Another tenant had never worked in her life, but showed several sources of income and funds, she was well-off. She had a condo in CA too. She had about 4x in pensions coming in (from her ex's sports career). She didn't bat an eye when we asked 3x security deposit.

We don't charge application fee if the initial application doesn't pass the sniff/due diligence tests.

spartana

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Re: Idle question – when I rent
« Reply #15 on: May 15, 2019, 09:24:04 AM »
I've never rented except with roommates who were already renting or from people I had inside contacts with.  Does that mean you are out the application fee every time they turn you down?
The application fee tends to cover the background check and credit check with just about every agency.  Even personal owners can use sites like Transunion's Smartmove (Rental Screen) for just one property.

Every time you are turned down with rental companies and even personal owners, you are out the rental fee and there is a slight ding to your credit from a hard pull.  I do not recommend multiple applications.  Try and be very specific with what you want and know all the information about what they require before the application is put in.
I've directly contacted the landlord or property management company before filling out an application and explained my unique FIRE situation. That helps me avoid paying a fee when it's likely that I won't meet the income qualifications even with fairly fat savings/investments.

 I've found an easy route which is to stick with 6 month leases on vacation rental property in a resort area. Even though they are leased and managed by a property management company, they are very bendy with the rules if you have cash to pay up front. But I'd always ask upfront before filling out an application and paying a fee (also bring your current credit report and investment/savings statements) if income doesn't meet the qualifications.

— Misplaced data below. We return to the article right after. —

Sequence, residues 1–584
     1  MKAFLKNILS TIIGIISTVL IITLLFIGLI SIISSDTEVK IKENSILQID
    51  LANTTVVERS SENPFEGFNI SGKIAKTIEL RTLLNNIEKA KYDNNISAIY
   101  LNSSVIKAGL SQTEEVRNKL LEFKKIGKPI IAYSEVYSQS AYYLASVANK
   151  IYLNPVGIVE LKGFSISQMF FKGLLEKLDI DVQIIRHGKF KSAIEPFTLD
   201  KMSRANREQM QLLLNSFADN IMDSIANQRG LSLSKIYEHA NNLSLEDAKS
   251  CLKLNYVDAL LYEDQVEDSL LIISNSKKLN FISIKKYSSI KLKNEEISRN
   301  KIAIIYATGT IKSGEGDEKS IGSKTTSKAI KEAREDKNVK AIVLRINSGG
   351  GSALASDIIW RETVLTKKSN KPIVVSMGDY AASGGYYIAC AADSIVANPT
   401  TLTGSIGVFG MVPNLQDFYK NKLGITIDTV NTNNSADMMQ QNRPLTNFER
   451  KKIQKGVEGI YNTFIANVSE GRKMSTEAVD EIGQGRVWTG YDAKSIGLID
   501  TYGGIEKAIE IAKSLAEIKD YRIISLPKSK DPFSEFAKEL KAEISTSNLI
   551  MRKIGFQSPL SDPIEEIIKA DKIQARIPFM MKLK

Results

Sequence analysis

Villanelle

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Re: Idle question – when I rent
« Reply #16 on: May 15, 2019, 09:42:45 AM »
We just finished a rental search.  Most place required income of 3x rent so if you have that, I think you'd be fine.  We had no rental history to speak of (we lived overseas and sometimes in military housing for the past 9 years).  It wasn't a concern at all, though admittedly some people will accept terms from military families what they might not from others.

Enigma

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Re: Idle question – when I rent
« Reply #17 on: May 15, 2019, 11:36:56 AM »
We just finished a rental search.  Most place required income of 3x rent so if you have that, I think you'd be fine.  We had no rental history to speak of (we lived overseas and sometimes in military housing for the past 9 years).  It wasn't a concern at all, though admittedly some people will accept terms from military families what they might not from others.
Military do fall into another category.  Living in a military city the requirements tend to be a copy of a military individuals LES (Living & Earnings Statement) showing BAH (Basic Allowance for Housing).  Anyone that is of the rank of E4 and below required a memo from their commander (SPC and below) due to most of them being required to live on base.  If BAH wasn’t on their LES a commander’s memo can be used as well showing they can live off base.

FIREstache

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Re: Idle question – when I rent
« Reply #18 on: May 15, 2019, 05:51:18 PM »
Most place required income of 3x rent so if you have that, I think you'd be fine.